Getting there will be tricky. Results from a mid-stage study presented at a meeting of cardiologists showed the drug, rivaroxaban, slashed heart attacks and strokes by 31% when taken with aspirin and also, in some patients, Plavix, an anti-clotting drug from Bristol-Myers Squibb and Sanofi-Aventis. But the results also showed significantly higher rates of bleeding in patients who took the drug. Very dangerous bleeding episodes took place in 1.2% of the patients studied.

Interesting. But then we are all given a glimpse into the complexity of our bodies:

There are two different ways the blood clots. Cell fragments called platelets clump together; Plavix and prasugrel block these. But there are also fibers in the blood called thrombin and fibrin that stitch the clot together. Rivaroxaban and apixiban block the formation of these by inhibiting an enzyme called factor Xa. Schering’s drug, called a thrombin receptor antagonist (TRA), blocks communication between the two systems — potentially working late in the clotting cascade and not thinning the blood as much.

Of course the, ahem, holy grail of healing is to answer this question: How did Jesus heal?

The Drain Of Heaven

November 8, 2008

Unknown “Structures” Tugging at Universe, Study Says

Everything in the known universe is said to be racing toward the massive clumps of matter at more than 2 million miles (3.2 million kilometers) an hour—a movement the researchers have dubbed dark flow.


Immediately after the tribulation of those days shall the sun be darkened, and the moon shall not give her light, and the stars shall fall from heaven, and the powers of the heavens shall be shaken:

Matthew 24:29

Reference: Quantum Time

November 6, 2008


The Transactional Interpretation of Quantum Mechanics

I am excited about this because as I said before, it “feels” right and helps explain the almost psychic behavior of photons in quantum computers. They react to possibilities that have NOT YET Occurred in our present. This is to put it mildly, a huge mind-fuck.

I must read this thoroughly.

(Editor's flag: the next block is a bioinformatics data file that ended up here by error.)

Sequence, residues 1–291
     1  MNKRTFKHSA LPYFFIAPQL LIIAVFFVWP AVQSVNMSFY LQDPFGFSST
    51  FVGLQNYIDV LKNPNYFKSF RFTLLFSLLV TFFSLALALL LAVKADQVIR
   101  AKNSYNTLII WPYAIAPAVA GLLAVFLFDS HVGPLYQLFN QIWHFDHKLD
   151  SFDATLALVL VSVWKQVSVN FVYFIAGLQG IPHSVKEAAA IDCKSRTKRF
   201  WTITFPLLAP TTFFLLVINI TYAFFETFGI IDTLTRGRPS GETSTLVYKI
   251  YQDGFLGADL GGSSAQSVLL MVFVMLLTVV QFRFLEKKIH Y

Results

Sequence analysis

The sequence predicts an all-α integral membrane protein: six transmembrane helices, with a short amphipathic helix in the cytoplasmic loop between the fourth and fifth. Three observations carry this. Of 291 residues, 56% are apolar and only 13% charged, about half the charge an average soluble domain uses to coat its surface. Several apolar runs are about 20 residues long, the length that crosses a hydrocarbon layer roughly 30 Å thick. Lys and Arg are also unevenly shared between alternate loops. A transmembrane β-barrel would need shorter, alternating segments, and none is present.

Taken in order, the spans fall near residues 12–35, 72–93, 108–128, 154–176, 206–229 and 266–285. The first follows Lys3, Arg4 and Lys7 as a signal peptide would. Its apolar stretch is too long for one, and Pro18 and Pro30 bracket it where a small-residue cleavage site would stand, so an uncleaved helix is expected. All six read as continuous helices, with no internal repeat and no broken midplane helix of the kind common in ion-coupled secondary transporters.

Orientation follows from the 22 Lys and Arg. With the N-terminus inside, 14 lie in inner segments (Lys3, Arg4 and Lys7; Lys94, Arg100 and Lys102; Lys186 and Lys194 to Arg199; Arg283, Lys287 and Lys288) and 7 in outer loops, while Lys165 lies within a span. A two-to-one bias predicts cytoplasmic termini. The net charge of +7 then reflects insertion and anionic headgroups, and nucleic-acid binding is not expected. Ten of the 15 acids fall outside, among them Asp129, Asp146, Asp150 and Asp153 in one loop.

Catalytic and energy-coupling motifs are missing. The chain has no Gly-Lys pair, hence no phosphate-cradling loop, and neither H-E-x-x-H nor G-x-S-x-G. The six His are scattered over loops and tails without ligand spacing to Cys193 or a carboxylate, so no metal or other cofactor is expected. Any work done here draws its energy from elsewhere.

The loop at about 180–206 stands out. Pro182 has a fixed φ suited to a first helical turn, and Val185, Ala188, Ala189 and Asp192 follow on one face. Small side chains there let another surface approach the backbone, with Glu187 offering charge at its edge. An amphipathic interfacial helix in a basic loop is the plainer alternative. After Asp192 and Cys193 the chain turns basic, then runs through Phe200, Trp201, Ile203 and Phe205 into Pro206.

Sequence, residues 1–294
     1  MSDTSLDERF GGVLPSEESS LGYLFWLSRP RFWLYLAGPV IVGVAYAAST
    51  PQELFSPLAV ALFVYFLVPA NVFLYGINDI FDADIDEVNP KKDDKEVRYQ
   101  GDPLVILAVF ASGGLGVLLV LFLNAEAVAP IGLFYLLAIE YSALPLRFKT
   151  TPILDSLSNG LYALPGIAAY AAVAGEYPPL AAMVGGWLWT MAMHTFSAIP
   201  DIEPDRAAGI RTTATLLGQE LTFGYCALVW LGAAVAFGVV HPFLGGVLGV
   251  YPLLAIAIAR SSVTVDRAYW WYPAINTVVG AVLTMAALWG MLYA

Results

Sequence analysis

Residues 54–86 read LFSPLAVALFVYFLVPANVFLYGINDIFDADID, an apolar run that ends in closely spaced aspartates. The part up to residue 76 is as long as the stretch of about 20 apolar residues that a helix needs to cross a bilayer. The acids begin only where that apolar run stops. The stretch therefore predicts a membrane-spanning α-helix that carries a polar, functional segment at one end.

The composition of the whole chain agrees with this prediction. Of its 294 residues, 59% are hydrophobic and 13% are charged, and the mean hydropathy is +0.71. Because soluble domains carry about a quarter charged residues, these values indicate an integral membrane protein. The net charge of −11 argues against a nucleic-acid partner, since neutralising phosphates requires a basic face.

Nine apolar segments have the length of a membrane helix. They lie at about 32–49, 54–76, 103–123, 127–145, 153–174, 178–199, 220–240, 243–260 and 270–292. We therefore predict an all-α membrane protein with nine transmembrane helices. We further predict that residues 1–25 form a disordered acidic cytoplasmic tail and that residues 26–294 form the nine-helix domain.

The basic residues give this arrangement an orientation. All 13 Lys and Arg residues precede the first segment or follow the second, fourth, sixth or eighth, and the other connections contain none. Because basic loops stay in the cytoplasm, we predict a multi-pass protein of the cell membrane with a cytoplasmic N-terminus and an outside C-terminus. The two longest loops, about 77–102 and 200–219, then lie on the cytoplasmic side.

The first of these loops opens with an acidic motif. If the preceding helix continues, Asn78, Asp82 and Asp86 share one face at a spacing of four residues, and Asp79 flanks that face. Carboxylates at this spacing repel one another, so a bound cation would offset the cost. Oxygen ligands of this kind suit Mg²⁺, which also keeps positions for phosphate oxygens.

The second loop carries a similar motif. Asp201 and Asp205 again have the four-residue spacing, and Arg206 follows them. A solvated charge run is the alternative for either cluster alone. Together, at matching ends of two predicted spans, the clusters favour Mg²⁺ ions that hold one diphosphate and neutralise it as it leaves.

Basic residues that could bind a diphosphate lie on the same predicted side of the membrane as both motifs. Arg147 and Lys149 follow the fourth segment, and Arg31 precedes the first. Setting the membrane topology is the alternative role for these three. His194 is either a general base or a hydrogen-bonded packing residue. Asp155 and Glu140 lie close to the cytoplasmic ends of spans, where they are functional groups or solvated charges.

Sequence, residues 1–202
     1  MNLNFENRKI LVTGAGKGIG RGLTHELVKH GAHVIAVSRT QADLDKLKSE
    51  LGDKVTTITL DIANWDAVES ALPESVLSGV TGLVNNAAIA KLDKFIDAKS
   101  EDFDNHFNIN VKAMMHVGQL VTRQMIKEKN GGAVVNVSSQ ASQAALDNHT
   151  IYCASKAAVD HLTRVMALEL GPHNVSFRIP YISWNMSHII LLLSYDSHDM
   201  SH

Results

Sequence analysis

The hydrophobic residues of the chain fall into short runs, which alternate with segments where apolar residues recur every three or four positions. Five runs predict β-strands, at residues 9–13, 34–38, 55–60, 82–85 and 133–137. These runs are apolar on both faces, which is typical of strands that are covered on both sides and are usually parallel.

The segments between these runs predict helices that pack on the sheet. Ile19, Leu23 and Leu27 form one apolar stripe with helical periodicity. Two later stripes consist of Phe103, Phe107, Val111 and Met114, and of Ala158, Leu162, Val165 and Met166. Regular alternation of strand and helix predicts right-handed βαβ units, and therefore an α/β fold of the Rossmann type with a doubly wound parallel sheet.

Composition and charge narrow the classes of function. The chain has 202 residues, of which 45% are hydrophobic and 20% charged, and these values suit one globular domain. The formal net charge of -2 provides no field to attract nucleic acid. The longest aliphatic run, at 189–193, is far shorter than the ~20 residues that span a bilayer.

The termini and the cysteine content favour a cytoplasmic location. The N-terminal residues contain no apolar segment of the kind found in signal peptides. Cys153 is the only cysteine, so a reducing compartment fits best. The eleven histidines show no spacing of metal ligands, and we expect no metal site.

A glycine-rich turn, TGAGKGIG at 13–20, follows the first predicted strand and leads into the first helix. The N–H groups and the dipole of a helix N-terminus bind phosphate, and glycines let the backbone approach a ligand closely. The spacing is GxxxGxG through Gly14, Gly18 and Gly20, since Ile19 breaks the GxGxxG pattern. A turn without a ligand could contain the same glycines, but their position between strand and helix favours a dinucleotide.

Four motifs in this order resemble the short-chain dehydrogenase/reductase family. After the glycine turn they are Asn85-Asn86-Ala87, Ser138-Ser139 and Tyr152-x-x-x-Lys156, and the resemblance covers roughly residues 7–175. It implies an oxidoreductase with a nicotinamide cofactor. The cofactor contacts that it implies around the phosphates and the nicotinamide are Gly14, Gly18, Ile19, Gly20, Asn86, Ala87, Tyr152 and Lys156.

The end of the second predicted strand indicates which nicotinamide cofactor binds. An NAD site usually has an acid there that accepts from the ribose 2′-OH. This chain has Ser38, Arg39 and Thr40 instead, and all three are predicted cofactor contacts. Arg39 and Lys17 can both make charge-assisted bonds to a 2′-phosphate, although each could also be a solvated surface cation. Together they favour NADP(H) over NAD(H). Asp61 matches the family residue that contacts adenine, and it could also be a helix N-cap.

Previously here:

Did Einstein Have A Theory Of Loopholes?

Did Einstein Have A Theory Of Loopholes?

November 6, 2008


That’s all I’d need to happen to freak me out. Run into a future me.

Now Me: Where the hell did you come from?

Future Me: What do you mean? I’ve always been here!

Now Me: Tell me what happens in the future!

Future Me: Are you nuts? You’re younger. You’ve traveled here into the future from my past. Go back there and live it out! But better!

Time’s arrow all right. Shaped like a screw!

Previously here:

I Want Time Travel: So Does He

I Want Time Travel: So Does He

November 6, 2008

Space cowboy

For more than 50 years, he’s been obsessed with finding a way to return to the past. Specifically, to the Bronx, in 1955. That’s the year his father, Boyd Mallet, died. Mallett’s lifelong mission? To traverse spatiotemporal continuum and warn his dad to take better care of himself. To tell him to kick the two-pack-a-day habit that helped lead to the fatal heart attack he suffered at the age of 33.

The Bronx? 1955? Take me with you!! That’s close enough to where I want to go. I’ll settle for it!!

Do any of you understand what it would feel like to go back in time? I do!

I now have to recount my own “journeyman” episode. It was a dream I had back in 2003 (1/26 to be precise; it’s in my Palm) and it left a permanent mark on me.